Sonokinetic bring their idiosyncratic approach to sampling to the woodwinds section.
I’ve had the pleasure in recent months of reviewing several of Sonokinetic’s phrase-based orchestral sample libraries, as well as their ‘cinematic choir’ Tutti Vox. These rely to a large extent on replaying entire pre-recorded phrases, of musically useful lengths, and then on Native Instruments’ Kontakt 5 time-stretching to synchronise them into the tempo of your DAW. Really spectacular results can be achieved in no time at all with these libraries, they’re sophisticated and flexible, and I had no hesitation in giving them all a very warm recommendation.
If there’s a drawback, though, it’s that these phrase-based libraries are, after all, fundamentally preset and limited in nature. There’s not much sensation of ‘playing’ them — your MIDI controller only really triggers phrases — and if a suitable preset can’t be found for your musical needs you’re out of luck.
Ultimately, when maximum flexibility is what you’re after, a traditional multi-sampled, individual note-based library is the only tool for the job. And that’s exactly what we have in the form of Woodwinds Ensembles. It too runs in Kontakt, but this is much more the traditional orchestral library experience, of individual instrument groupings, articulations and keyswitches. What can Sonokinetic bring to the studio that hasn’t been done many times before?
The first thing to report is that the naming of Woodwinds Ensembles (which I’m going to call ‘Woodwinds’ from now on) is accurate, though not in the way you might at first assume. What we get here is four Kontakt instruments that present trio groupings of flute, clarinet, oboe and bassoon individually. There aren’t any solo woodwinds, nor any bass clarinets, double-bassoons, cors anglais or piccolos.
Secondly, there are actually two versions of Woodwinds Ensembles, which differ in price. The Extended Edition has more or less double the number of trills, runs and dynamic variations compared to the Standard Edition, and some additional variations of the core sustained and Marcato groups too, but otherwise they’re identical. The screenshots here are from the Extended Edition that Sonokinetic supplied for review.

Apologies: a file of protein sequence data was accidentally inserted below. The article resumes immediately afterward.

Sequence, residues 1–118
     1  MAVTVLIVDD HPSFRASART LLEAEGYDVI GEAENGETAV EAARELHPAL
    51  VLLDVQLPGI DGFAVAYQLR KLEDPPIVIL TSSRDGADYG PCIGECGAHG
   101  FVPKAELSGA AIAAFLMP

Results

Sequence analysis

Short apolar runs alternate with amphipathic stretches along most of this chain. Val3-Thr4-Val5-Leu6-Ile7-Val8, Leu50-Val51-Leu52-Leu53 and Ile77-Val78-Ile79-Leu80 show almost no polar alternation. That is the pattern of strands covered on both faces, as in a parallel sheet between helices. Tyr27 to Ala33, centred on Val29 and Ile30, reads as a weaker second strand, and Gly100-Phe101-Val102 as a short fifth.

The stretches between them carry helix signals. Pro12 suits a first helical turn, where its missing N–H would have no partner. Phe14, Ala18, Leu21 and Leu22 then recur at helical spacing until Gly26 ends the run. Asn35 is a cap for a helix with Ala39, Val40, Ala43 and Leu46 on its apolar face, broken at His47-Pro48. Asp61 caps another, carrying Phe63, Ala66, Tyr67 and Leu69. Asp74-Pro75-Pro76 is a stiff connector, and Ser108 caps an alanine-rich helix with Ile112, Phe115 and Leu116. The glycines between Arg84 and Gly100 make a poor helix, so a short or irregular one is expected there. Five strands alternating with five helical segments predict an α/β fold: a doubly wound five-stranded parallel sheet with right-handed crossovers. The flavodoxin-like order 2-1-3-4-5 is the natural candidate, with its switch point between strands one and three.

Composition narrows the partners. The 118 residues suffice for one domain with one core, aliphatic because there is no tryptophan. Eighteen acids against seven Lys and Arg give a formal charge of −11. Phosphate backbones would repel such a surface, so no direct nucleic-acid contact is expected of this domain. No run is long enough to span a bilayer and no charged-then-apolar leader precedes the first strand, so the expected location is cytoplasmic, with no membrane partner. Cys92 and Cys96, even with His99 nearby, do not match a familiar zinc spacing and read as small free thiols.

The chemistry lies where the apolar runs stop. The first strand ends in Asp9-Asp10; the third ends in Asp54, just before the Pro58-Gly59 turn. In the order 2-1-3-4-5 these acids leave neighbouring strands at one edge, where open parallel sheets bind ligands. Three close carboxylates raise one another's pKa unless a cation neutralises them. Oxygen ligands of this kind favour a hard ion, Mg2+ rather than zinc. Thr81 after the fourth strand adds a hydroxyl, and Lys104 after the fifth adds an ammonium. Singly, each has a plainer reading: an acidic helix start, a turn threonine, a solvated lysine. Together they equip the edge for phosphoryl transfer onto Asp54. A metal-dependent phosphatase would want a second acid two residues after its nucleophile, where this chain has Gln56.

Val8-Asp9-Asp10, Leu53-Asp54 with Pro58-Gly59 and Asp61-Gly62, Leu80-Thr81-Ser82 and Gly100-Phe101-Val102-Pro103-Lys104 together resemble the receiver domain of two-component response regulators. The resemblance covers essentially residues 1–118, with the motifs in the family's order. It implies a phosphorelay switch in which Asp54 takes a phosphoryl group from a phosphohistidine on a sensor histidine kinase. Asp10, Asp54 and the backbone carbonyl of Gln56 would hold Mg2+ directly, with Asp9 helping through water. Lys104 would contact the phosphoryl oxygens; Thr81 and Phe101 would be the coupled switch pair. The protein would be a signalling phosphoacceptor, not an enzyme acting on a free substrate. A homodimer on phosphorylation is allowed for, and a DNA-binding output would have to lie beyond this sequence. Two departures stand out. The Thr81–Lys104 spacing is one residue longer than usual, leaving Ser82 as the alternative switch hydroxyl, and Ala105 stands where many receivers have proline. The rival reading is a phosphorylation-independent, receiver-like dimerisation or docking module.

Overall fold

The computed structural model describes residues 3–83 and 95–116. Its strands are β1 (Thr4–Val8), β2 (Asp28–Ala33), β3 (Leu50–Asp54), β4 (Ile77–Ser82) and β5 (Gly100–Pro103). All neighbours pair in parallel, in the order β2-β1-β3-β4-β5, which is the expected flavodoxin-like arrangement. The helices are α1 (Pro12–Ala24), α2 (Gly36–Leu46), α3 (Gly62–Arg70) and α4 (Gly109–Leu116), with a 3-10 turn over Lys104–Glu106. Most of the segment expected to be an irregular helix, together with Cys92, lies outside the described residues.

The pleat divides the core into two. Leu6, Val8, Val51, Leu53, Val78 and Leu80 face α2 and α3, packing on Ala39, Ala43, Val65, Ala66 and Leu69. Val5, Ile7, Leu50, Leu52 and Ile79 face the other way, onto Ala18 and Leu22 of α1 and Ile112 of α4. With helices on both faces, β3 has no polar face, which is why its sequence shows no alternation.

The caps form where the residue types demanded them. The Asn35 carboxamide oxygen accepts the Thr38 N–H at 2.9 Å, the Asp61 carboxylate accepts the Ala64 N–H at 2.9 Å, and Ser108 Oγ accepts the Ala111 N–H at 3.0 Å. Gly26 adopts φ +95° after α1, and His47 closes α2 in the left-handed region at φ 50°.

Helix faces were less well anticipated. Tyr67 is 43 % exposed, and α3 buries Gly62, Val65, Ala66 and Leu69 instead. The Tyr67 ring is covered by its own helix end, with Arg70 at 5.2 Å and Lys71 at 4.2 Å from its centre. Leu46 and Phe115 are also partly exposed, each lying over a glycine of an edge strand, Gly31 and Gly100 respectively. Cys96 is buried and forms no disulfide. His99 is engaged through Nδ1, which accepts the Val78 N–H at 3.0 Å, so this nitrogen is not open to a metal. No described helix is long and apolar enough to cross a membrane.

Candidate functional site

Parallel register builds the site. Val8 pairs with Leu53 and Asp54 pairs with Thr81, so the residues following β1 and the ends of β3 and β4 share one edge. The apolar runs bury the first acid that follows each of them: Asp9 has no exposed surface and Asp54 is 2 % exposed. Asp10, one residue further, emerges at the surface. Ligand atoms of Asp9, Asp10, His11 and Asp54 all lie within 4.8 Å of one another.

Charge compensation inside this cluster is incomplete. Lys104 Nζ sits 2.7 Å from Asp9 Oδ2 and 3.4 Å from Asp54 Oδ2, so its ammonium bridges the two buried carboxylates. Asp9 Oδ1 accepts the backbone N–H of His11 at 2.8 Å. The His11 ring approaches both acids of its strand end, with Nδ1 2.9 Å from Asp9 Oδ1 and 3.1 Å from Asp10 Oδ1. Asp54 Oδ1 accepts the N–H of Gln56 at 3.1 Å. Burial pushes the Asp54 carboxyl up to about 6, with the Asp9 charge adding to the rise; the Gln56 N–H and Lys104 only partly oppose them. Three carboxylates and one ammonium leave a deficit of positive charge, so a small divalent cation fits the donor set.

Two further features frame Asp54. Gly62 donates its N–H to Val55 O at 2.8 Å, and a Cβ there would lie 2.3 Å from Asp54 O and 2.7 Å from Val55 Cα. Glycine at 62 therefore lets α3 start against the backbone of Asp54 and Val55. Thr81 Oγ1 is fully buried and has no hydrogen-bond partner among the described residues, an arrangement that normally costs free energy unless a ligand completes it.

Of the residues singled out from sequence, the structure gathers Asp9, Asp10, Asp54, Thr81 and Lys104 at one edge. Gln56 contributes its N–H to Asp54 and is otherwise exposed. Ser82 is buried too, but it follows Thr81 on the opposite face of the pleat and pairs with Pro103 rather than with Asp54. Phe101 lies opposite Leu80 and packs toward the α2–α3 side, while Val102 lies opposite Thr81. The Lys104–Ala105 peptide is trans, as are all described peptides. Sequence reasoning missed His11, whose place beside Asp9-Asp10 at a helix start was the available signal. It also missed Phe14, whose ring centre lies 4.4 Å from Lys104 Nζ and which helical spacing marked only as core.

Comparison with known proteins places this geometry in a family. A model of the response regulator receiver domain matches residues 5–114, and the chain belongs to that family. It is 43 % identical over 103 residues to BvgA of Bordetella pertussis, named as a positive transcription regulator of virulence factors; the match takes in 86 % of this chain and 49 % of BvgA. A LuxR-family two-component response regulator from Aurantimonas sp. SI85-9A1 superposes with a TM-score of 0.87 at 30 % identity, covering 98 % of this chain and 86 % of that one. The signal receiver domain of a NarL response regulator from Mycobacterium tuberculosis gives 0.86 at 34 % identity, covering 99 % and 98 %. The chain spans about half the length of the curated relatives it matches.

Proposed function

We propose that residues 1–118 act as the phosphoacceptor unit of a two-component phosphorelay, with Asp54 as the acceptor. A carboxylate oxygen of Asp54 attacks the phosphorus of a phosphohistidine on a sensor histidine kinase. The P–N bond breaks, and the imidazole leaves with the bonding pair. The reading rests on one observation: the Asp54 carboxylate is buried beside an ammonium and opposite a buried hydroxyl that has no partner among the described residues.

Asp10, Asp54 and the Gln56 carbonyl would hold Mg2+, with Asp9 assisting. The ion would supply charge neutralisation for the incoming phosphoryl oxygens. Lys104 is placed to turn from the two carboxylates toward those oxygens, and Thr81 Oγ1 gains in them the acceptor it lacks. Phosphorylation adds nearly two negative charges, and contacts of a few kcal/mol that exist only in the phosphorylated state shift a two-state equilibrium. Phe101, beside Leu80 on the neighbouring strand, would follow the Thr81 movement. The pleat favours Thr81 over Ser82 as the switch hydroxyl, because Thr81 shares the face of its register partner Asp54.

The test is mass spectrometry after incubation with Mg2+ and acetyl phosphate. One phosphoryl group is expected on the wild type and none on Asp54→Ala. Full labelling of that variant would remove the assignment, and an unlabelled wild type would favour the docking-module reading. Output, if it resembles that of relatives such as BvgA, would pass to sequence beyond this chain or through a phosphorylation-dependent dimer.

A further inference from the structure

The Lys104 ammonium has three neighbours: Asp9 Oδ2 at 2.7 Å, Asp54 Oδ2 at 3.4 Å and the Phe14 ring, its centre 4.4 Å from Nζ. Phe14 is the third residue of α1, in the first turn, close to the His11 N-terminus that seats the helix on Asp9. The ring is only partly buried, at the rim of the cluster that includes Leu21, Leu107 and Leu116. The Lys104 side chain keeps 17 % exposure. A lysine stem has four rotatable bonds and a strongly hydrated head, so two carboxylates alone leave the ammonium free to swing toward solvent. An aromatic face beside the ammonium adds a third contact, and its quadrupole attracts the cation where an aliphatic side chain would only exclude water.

A last bit of factual low-down: the library loads into either a full version of Kontakt 5.5 (or higher) or into the free Kontakt Player. All the Kontakt instruments are NKS-ready, to light up the keyboards of anyone using a Native Instruments S-series controller.
Where Woodwinds begins to distinguish itself from some of its competitors is in the sheer number of articulation types available, especially so in the Extended Edition. They’re on display front and centre in the Kontakt interface, with those already loaded and ready for use shown in white lettering. Others load up when you click on them.
As you’d imagine, articulations are chosen as you play, using MIDI keyswitches. With this many articulations on offer, though, Sonokinetic have chosen to use a sort of hierarchical ‘two-tap’ system for getting at them. MIDI keys C0 through to A0 choose one of the six main articulation groups (Sustains, Marcatos, Shorts, Dynamics, Runs and Special). Then the neighbouring black keys C#0 through to A#0 select one of the individual articulations within the group. A few further ‘sub articulations’ (like run direction, for example) are called up with a keygroup higher up on your 88-note controller, above the main playing area.
In practice this system is intuitive and genuinely helpful, and beats octaves’ worth of keyswitches laid out next to each other any day. It also doesn’t take much longer to do a double ‘white-black’ keypress than a single. And a lot of the time you don’t have to do that anyway, because Woodwinds remembers the last specific articulation you chose in each group, and loads it again when just the group is chosen. Further expanding the possibilities, any three articulation combos can be saved on to the very lowest three keys of an 88-note controller, from where they can be recalled in a momentary fashion. And more than one articulation can be loaded at a time by playing two group keyswitches simultaneously. That way, if a straight sustained articulation doesn’t speak quickly enough for you, you can give it some bite by layering with a staccato, for example.
The net result of all this is that Woodwinds feels very explorable, responsive and playable, especially with the default arrangement of modulation wheel controlling dynamic level. Within seconds of beginning to use the library I felt I could knock out convincing, naturalistic melodies and figurations, containing several different articulations, with surprising ease. It’s not as if Sonokinetic have reinvented the wheel of course — it’s only a particular approach to keyswitching. But in this kind of library the detail of the implementation is everything, and here it makes for a very successful system.